If “Wisdom is where Knowledge and Experience Meet,” then when we enhance our knowledge through reading, and combine that with the real-world experiences of our everyday lives, we eventually attain the wisdom that only time can teach.  

So if one of your New Year’s resolutions was to start reading more – and even if your high school English lit days seem like a distant memory – it’s never too late to dig up and dust off one of your old novels or anthologies and read or re-read those timeless classics. It’s a great habit to get into, and one that you can continue to enjoy and benefit from for the rest of your life. Though we are all growing older with each passing day, it’s never too late to hit the pause button, turn back the clock, and rediscover the classics. 

As the Fool put it to King Lear: “Thou shouldst not have been old before thou hadst been wise.”

14 Books That Will Make You More Innovative in 2014

A lot of people use the words “innovation” and “creativity” interchangeably, but my favorite definition helps differentiate the two: “Innovation is the value-added application of a creative idea.”

Of course, knowing a snappy definition is one thing — putting it into practice is something else altogether. If you’re struggling to truly innovate, or if you just want to refresh your creative mojo, start with this list of books that will make you more innovative in the new year.

I know there are a LOT of books out there on these topics, but this list is made up of some of my own trusted favorites. It’s an eclectic mix of exciting new releases from the past year combined with a few of what I consider the all-time greats. Each of the books on this year’s list will help you generate more creative ideas, communicate and present your ideas more effectively, and/or foster a culture of innovation.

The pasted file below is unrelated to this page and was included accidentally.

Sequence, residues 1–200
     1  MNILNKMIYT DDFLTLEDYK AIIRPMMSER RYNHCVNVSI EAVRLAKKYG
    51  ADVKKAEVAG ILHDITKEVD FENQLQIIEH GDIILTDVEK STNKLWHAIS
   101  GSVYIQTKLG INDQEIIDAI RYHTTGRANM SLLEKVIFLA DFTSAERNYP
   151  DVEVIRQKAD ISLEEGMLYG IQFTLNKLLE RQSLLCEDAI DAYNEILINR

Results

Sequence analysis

Plus, they’re all highly entertaining and enjoyable to read. Written by some of the top thought-leaders out there today, some of whom you may already know and others you most definitely should. As my company’s mission and motto is “Educate, Engage, and Excite,” TM I assure you that every book on this list fulfills this slogan with flying colors. They will inform you, capture and hold your interest, and inspire you to new heights.

*If you missed it, here's my 2013 list: Thirteen Books That Can Change Your Life (If You Actually Read Them). 

14 Books, 365 Days of Innovation

My 14 recommended books for 2014, in alphabetical order, are (drum roll please…):

100 Things Every Designer Needs to Know About People and 100 Things Every Presenter Needs to Know About People
Susan M. Weinschenk Ph.D.